Proof of Work and Proof of Stake are two concepts that define the way transactions are validated in a cryptocurrency ecosystem. We will take an in-depth look at both concepts to help you understand how they work.
For decentralized cryptocurrencies to retain their value, the network needs to ensure that no tokens can be spent twice without a trusted intermediary like PayPal or Visa verifying the transaction. As such, it needs to find a way to determine whether an account holder has validly executed the transaction. A consensus mechanism helps accomplish that.
The two main consensus mechanisms are called Proof-of-Work (PoW) and 'Proof-of-Stake (PoS). They both require miners to verify blocks before they are added to the chain, but PoW requires more computing power than PoS does. Our article on How Blockchain Technology works will give a more in-depth explanation.
How does the Proof-of-Work mechanism work?
Proof-of-Work is a pioneering mechanism that pre-existed Bitcoin but has since been intrinsically linked to the world-renowned cryptocurrency. Others refer to it as the Nakamoto Consensus, which incorporates Nakamoto's identity as the coin's creator.
Blockchains that use this mechanism rely on the longest chain rule to reach consensus. This simply means that all the blockchain members agree that the chain with the highest number of blocks is the genuine one.
It also protects the blockchain against a 51% attack, in which attackers attempt to seize control of a large portion of the network, allowing them to undo payments or double-spend coins.
In PoW, the entire operation becomes economically inefficient, allowing people to trade value without mutual trust. Furthermore, the longer the consensus block remains unchanged, the harder it will be to reverse it or change it.
The process of adding blocks to the chain is also time-consuming and costly. Miners constantly compete to be the first to verify new blocks by solving complex cryptographic puzzles. This process is what we know metaphorically as mining. Check out our article on mining pool to get first-hand knowledge of how it works.
Pros of PoW
- It helps avoid double-spending and defends the network from the 51%-attack.
- Due to its high degree of security, it effectively guards against cyberattacks.
Cons of PoW
- Demands high-capacity hardware.
- Requires a significant quantity of power, which is practically wasted when hundreds of computers are used to solve the same issue.
- The scalability difficulty occurs because the number of transactions that can be completed simultaneously is restricted.
- Provides inadequate security for relatively small networks since they remain vulnerable to the 51% attack.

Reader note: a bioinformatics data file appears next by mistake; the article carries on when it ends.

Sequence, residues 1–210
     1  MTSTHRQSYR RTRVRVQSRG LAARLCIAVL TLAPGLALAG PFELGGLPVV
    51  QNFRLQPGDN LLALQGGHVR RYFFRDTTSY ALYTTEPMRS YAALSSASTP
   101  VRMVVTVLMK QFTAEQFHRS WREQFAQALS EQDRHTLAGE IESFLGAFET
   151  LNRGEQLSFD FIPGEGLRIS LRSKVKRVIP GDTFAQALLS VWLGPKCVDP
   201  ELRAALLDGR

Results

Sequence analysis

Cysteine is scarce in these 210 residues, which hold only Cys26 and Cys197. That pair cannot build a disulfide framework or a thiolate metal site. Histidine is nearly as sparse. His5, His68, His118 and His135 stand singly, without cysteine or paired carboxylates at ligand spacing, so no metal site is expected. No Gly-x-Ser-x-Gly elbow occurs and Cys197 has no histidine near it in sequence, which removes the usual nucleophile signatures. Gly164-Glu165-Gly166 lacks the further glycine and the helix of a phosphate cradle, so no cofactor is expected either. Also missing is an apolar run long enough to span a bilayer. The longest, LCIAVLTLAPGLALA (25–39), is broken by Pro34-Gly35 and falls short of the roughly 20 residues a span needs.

How does the Proof-of-Stake model work?
The Proof-of-Stake mechanism solves the same problem of the proof-of-work but with a different approach. Instead of "mining" blocks, nodes in a proof-of-stake blockchain participate in the validation process. Participants of the network establish consensus and security by pledging a portion of their collective or private asset to the system in the form of native tokens.
An incentive system based on cryptographic Proof of Stake serves as a way to demonstrate stakeholder interest in the project's long-term viability. Nodes use smart contracts to "lock-up" their native tokens, making them unusable for a certain period while they work to keep the network running smoothly.
Each new block's authenticator is selected randomly according to a deterministic algorithm to prolong the blockchain's consensus history. In addition to randomized selection, investors' stake (stored asset) in the network is designed to discourage attempts to alter history and undermine the system.
Pros of PoS
- Reduces energy consumption and is more eco-friendly.
- It increases the network's scalability.
- The system becomes decentralized as more individuals are rewarded for running nodes.
- As proof-of-stake networks decentralize with time, they are more secure and less susceptible to hacks than proof-of-work blockchains.
- Provides participants with more equal opportunities since they are not required to invest in pricey equipment.
Cons of PoS
- Validators who own a more significant number of coins have more control over the network and receive greater rewards.
- Can result in a monopolistic situation, undermining the decentralized system.
Examples of Cryptocurrencies that use PoS against ones that use PoW
We hope this article has helped broaden your understanding of both consensus models. To learn more about the blockchain, you can read through our other posts.